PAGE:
If you do follow that link to the Galactic Energies then you might be thinking, ‘hey, this already has a lot of reviews’ and that is true. The collection does have about seventy reviews but as far as I am aware there are no reviews for the individual stories, at least not for the English versions. Honestly, individual reviews for short stories can be a lot more telling than a review of an collection which can often end up as ‘I liked this one for x reason. I disliked this story for y reason.’ So, in the interest of being as helpful and thorough as possible, I’m just going to be reviewing this one short story.

Promotional poster for Luca Rossi's short story collection, Galactic Energies.

‘Forms of Love’ is just one of nine stories available in Galactic Energies.

‘Forms of Love’ is the story of the law enforcer chasing a criminal through space. The Captain of the ship has been chasing the rogue thief through space for years, aided by his second in command. But their target is no normal criminal; she is a shape-shifter and has used this ability to elude the police. However, by blocking off her means of refueling and replenishing supplies, they manage to capture her. This is where the short story begins. As a premise, it is sound. Short stories often need to established a lot in a small amount of words and this works. We know who to root for and who to keep an eye on.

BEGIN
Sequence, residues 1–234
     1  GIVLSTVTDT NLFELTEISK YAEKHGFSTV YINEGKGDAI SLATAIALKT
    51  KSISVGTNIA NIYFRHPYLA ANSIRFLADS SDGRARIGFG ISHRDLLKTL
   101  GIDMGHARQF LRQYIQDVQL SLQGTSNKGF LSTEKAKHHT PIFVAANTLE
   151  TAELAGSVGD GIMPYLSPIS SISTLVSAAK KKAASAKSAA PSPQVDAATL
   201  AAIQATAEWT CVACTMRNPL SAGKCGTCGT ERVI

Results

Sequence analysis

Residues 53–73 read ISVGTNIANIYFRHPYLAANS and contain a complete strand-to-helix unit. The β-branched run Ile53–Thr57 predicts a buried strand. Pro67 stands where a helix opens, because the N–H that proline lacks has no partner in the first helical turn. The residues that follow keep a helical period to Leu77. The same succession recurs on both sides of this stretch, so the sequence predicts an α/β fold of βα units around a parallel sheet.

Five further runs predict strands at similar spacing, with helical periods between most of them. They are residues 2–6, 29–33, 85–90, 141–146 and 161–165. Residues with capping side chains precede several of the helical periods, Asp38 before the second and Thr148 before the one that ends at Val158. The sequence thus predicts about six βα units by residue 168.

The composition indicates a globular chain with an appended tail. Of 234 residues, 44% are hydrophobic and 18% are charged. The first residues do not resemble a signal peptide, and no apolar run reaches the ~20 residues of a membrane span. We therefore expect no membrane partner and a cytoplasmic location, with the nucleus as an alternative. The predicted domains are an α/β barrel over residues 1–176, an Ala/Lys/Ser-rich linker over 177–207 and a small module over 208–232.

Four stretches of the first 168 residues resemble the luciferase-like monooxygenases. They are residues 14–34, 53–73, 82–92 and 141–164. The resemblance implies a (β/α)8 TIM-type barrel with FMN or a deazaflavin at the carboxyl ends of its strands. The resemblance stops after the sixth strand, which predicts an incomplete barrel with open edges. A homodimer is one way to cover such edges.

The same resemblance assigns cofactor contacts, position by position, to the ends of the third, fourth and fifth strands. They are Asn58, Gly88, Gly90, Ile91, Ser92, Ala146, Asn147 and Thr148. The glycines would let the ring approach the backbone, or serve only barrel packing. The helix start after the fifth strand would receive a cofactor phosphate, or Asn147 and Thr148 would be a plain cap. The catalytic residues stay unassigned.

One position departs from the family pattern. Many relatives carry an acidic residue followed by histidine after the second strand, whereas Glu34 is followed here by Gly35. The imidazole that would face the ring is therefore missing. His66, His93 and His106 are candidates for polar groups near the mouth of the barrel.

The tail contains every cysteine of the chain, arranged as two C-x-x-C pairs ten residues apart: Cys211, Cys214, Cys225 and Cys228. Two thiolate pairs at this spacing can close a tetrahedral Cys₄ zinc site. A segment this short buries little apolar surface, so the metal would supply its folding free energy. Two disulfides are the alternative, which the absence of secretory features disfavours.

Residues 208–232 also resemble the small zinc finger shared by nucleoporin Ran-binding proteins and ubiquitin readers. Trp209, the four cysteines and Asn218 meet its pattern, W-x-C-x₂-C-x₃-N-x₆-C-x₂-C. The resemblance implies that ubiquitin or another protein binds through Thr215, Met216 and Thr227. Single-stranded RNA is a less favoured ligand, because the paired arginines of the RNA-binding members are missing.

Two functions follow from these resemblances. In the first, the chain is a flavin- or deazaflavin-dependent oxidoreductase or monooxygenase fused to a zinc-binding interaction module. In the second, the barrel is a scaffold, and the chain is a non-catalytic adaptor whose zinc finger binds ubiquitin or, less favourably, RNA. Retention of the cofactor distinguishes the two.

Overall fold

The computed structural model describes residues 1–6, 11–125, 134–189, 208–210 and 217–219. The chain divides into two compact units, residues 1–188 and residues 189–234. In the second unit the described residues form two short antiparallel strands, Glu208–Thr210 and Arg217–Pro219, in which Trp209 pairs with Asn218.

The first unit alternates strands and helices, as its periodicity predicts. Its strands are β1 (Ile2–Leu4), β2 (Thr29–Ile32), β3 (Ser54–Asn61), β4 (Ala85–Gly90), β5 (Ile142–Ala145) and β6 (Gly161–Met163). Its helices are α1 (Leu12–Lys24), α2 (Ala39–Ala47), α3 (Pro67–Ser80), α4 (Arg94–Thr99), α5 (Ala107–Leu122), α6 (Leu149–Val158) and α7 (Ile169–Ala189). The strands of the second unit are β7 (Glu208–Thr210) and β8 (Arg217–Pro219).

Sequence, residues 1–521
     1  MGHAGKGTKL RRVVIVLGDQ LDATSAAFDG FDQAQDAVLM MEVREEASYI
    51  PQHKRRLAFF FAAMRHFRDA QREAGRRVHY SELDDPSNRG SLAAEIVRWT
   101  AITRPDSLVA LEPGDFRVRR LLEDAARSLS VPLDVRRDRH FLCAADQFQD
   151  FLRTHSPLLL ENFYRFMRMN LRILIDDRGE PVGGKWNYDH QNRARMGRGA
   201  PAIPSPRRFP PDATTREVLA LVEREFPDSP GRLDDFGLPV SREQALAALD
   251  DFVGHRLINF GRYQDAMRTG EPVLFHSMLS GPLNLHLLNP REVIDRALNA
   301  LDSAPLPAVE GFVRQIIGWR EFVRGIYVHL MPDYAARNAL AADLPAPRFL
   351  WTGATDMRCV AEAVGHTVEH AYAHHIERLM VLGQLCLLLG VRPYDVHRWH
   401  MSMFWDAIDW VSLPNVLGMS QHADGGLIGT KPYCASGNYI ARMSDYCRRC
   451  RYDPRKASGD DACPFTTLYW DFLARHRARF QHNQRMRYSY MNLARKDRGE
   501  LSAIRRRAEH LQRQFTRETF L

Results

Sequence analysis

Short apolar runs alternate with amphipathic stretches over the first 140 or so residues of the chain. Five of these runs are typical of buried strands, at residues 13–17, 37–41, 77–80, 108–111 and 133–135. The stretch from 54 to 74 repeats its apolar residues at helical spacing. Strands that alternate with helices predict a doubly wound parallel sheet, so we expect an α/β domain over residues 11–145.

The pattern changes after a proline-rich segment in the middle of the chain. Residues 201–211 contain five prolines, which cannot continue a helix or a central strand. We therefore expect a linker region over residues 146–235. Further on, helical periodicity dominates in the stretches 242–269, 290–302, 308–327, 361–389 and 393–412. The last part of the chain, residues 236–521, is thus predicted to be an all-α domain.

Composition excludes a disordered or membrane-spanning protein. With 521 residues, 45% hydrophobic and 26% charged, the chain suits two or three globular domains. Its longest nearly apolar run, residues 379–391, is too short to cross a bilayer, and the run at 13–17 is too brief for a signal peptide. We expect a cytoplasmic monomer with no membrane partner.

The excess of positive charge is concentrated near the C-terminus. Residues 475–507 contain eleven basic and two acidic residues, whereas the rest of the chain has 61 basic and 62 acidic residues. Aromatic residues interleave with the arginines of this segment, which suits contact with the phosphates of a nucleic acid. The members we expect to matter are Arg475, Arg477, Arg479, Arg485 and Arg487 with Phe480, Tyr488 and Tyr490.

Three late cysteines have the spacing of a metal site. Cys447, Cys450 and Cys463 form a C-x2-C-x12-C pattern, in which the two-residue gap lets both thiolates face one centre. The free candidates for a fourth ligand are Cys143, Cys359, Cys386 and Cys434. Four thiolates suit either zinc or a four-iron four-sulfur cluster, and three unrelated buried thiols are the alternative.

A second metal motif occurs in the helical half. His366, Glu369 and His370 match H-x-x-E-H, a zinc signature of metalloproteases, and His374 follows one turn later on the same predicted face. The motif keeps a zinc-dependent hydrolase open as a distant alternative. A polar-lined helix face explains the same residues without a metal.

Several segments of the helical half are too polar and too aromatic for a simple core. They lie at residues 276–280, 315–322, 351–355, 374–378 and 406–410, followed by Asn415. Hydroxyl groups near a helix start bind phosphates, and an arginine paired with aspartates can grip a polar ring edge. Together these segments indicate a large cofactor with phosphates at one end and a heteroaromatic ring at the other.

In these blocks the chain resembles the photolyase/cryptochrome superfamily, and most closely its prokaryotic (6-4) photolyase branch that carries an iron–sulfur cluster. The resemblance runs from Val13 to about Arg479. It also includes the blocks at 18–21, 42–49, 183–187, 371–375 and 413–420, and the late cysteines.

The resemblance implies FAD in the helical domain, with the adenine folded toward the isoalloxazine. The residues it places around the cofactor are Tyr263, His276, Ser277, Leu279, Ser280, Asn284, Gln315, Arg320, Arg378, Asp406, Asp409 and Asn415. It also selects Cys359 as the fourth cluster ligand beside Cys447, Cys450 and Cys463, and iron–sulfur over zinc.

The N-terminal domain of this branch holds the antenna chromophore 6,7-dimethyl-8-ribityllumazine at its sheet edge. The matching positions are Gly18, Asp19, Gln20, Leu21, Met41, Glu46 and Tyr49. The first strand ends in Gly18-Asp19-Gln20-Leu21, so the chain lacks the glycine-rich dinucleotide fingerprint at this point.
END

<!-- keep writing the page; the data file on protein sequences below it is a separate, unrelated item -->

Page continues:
What first struck me about ‘Forms of Love’ was the crisp, clean writing. Flourishes of prose is prevalent in science fiction and fantasy writing but Luca Rossi thankfully avoids being overly descriptive or making use of laboured metaphors to put his point across. Reading ‘Forms of Love’ comes very easy as the simple, unencumbered writing conveys information without complication. The dialogue too is tight and clear, lacking any attempt at vocal tics or regional dialect. Some readers might find that unrealistic but I prefer it this way. The use of these, while understandable, can usually end up being distracting and draw the reader away from the story. By not indulging in characterisation of the speech, Rossi keeps the focus squarely on the story and what is being said, rather than how it is being said.